Most of the rules are around high-risk AI systems, which covers use cases that are used by the financial services industry, like underwriting and credit scoring. The rules focus on avoiding bias; ensuring the quality of the data sets used to train the algorithms; being able to trace and explain the reasons behind AI decisions; and finally assuring a high level of accuracy.

AI users would also be required to demonstrate that that are providing clear and adequate information to consumers and that they are taking prudent steps to ensure privacy and security.

Limited-risk systems include AI chatbots, which many lenders are exploring to provide timely, high-quality customer service. Requirements for limited-risk systems focus primarily on disclosure, ensuring that consumers are aware that they are interacting with AI and have the ability to opt out and communicate with a person. Lenders will want to ensure that they are following EU requirements if their chatbots are accessible within the EU.

Q: Do U.S. financial services companies really need to worry about EU regulations?

Snow: When it takes effect, the European AI Act will apply broadly to any AI system developed or used in the EU. U.S. companies will come under this regulation if they do business in Europe or if they use AI to discriminate against European citizens in the US. In the case of mortgage lending, this could involve a U.S. credit denial, based on AI, for an Individual Taxpayer Identification Number (ITIN) borrower; an EU citizen’s interaction with a servicer’s chatbot; or using an AI system developed in the EU.

Q: Based on the new European AI Act and the current regulation in the U.S. what are the most sensitive areas of AI usage in your opinion?

Snow: When you think about where AI could have the most impact for lenders and servicers, underwriting, valuations, and coming up with new predictive analytics all come to mind. And all of these use cases would most likely fall into the EU’s high-risk category.  So pretty much any situation where AI influences decision-making—loan approvals, risk-based pricing, eligibility for loan modifications—would most likely get a fair amount of scrutiny under the new EU rules.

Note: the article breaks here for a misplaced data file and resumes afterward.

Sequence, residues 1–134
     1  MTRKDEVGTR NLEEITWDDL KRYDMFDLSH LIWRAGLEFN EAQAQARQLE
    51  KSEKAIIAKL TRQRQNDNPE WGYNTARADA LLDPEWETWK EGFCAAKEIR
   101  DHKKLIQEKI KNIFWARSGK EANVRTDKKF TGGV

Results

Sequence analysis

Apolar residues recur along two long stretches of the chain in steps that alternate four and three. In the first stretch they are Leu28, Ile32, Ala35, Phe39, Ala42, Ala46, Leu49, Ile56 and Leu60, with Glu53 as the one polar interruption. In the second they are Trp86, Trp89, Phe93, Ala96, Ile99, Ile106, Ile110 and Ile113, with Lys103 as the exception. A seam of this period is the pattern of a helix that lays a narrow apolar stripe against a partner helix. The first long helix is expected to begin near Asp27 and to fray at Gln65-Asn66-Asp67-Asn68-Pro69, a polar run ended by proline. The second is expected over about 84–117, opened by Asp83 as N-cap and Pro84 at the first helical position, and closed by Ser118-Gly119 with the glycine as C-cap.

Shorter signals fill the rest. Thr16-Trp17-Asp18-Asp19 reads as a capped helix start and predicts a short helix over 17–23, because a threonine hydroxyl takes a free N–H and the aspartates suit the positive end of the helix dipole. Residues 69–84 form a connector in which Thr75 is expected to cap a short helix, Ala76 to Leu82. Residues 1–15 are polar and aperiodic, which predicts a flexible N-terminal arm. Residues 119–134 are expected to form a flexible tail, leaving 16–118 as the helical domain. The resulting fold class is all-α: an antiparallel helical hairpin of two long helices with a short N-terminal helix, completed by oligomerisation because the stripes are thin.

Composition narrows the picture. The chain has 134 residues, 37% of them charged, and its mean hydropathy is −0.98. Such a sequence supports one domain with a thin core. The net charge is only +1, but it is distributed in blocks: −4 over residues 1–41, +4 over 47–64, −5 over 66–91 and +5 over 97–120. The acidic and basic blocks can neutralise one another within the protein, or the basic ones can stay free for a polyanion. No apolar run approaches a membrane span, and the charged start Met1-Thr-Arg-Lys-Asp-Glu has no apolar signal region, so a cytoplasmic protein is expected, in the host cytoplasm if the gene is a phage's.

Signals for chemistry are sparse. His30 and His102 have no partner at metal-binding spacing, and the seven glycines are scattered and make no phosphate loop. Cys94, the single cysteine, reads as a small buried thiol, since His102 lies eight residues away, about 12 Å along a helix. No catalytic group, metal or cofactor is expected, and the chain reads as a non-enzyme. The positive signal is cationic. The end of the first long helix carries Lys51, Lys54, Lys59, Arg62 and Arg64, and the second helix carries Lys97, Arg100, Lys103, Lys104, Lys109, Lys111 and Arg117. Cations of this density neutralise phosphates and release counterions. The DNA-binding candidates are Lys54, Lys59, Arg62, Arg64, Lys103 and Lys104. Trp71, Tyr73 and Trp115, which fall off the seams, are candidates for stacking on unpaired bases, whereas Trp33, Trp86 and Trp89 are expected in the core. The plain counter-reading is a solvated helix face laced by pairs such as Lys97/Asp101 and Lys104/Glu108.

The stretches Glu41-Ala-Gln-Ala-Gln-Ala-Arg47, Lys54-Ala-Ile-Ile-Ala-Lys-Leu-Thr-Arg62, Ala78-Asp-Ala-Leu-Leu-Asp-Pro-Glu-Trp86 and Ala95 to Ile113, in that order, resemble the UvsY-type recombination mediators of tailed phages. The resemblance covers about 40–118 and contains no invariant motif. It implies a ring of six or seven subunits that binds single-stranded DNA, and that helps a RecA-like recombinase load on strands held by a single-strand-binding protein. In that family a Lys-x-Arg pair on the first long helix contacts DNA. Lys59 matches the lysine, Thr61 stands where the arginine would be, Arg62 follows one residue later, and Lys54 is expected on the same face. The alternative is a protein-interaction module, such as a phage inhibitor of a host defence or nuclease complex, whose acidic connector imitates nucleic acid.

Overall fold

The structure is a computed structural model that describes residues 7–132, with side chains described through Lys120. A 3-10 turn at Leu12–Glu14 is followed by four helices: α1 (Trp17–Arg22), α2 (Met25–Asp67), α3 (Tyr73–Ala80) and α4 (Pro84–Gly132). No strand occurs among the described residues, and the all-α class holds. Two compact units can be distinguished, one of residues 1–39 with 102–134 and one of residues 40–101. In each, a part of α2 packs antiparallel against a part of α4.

As servicers try to reduce costs, many are increasing their reliance on chatbot technology. While this would fall into a lower risk category under the EU, there are still requirements that servicers would need to take into account. We’ve also seen U.S. regulators express concern about the quality of the responses that these bots provide in servicing situations. But compliance for these uses should be easier and less costly to achieve.

Q: Finally, what advice would you give lenders and servicers trying to get ahead of the next round of regulations?

Snow: Take a close look at the final EU regulation, because it is most likely going to provide at least a frame of reference, if not a framework for U.S. state and local regulations.

Also, keep in mind that although these rules apply to citizens of EU countries, U.S. lenders must follow them as well when they interact with these consumers in the U.S. or online.

As lenders develop a company-wide AI framework, they should be sure they are considering how bias can corrupt the information that they are using to train the AI and machine learning tools.

It’s important to follow AI disclosure rules and ensure tools adequately protect consumers’ private information.

Finally, because AI tools learn and change, this isn’t something that can be done once: the tools should be regularly assessed to ensure lack of bias and security.